June 12th, 2015 | Film | 0 Comments
The Kurt Cobain doc Montage of Heck may have been “90% bullshit“, but in any case, it wasn’t all bullshit. There was a Kurt Cobain. He was born in Aberdeen, Washington. He had a nice childhood, apparently. His parents divorced. His adolescence was difficult. He moved to Olympia with his girlfriend at the time. He made music. He started a band called Nirvana. They got famous. He met and married Courtney Love. They had a kid. He committed suicide in 1994 (or did he?). This much is true, it seems.
Montage of Heck works best when it acts like a straight documentary with talking heads, pictures, and home movies detailing Cobain’s childhood and adolescence. But Montage of Heck isn’t a straight doc, replete as it is with animated sequences often narrated by what at least seems to be Cobain’s own voice. If the episodes he details in these sequences are true, they offer some of the most interesting and shocking insight into Cobain’s world and personality. Even if they’re just fictional Cobain stories, they serve a similar function, and provide some fascinating insight about what went on inside Cobain’s mind when he wasn’t writing songs.
Sometimes the intermingling of this animated footage with the talking heads and home movies – all spliced together in spastic, 90’s MTV fashion – is pretty neat. But it gets a little tiring. And it perhaps doesn’t add up to the stylish, grand testament to Cobain’s life that the filmmakers and viewers want it to be. The doc feels a little odd-bodied, with the back-end dominated by home movies and Nirvana footage, lacking the talking heads commentary that provided such interesting context to the childhood and adolescent portion of the movie. As much as Montage focused on Cobain and Love’s love and marriage, it felt like there was still more to them left unexplored. Both were such odd, interesting characters – and the film’s home movies vividly display that – was there not more to say about their relationship? More analysis to be given? Outside perspectives, rather than just Love’s and Krist Novoselic‘s?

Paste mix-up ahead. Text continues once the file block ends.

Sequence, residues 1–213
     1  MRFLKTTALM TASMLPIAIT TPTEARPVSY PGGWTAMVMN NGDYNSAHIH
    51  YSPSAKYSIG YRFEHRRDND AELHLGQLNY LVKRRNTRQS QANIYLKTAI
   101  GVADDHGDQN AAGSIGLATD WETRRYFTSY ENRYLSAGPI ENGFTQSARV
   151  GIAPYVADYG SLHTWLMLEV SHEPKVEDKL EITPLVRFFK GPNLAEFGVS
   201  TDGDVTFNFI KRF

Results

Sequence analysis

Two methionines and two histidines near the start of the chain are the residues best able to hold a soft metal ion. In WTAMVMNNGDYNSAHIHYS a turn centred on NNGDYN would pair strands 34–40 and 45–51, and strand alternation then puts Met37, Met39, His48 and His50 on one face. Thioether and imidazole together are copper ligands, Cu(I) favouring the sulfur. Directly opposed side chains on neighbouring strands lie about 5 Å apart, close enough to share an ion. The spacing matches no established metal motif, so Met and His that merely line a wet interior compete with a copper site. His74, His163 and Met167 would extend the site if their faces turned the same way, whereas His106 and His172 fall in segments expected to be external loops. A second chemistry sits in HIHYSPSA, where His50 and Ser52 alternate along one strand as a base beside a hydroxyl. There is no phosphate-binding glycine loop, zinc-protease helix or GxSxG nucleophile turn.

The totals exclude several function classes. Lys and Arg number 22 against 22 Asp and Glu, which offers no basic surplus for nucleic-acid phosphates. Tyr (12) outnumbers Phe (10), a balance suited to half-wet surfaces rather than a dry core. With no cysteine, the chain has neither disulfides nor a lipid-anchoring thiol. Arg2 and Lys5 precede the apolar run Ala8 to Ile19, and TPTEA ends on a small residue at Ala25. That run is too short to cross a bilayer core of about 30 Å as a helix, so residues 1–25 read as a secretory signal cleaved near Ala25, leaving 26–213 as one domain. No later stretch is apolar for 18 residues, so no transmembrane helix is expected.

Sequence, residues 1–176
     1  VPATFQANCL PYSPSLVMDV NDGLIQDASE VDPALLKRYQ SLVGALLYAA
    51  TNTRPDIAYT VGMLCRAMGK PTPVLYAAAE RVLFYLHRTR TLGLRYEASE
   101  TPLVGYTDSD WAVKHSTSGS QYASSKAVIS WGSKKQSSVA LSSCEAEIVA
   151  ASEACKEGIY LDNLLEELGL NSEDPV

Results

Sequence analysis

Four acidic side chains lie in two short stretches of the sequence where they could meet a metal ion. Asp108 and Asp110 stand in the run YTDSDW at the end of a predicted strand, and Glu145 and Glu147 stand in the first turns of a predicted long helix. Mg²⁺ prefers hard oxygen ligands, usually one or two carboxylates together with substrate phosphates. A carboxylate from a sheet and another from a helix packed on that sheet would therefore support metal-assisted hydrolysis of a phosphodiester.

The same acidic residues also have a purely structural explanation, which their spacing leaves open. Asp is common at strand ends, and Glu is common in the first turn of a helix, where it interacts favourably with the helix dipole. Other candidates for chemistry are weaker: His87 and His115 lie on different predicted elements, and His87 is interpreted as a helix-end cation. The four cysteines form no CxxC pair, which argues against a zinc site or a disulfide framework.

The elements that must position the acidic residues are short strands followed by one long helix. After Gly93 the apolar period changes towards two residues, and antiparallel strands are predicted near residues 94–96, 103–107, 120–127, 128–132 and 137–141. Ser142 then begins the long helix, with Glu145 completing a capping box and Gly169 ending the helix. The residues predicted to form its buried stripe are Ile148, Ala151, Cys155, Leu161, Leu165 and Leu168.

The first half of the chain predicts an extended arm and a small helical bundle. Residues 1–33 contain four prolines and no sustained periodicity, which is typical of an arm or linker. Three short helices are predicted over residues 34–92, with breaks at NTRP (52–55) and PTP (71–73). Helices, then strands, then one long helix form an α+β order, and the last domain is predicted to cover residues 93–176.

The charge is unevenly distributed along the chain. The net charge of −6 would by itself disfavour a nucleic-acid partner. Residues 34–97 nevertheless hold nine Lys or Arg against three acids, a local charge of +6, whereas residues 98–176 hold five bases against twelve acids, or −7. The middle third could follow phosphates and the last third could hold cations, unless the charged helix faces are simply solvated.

Strangely, I came away from the film liking Cobain less. Not even because of things like the ‘sex with the slow girl’ scene, but maybe because he seemed less interest, weighty than I wanted him to. I liked the Cobain I met in AJ Schnack‘s 2006 doc Kurt Cobain: About A Son, which featured no footage of Nirvana at all. I remember seeing it in Toronto at The Royal, with author Michael Azzerad (Come As You Are, Our Band Could Be Your Life) – who conducted the interviews that the film basically just provides visual accompaniment for – in the theatre, introducing the film and doing a Q&A after. I remember him saying something like, “When I started talking to Kurt, I thought, “I know this guy.” This wasn’t Kurt Cobain: rock star, drug addict, tortured artist. This was a real person.” Watching Montage Of Heck, I wanted that feeling again, of meeting the man behind the myth. But Montage Of Heck doesn’t quite manage to pin ‘Cobain: the man’ down to the extent I would have liked it to.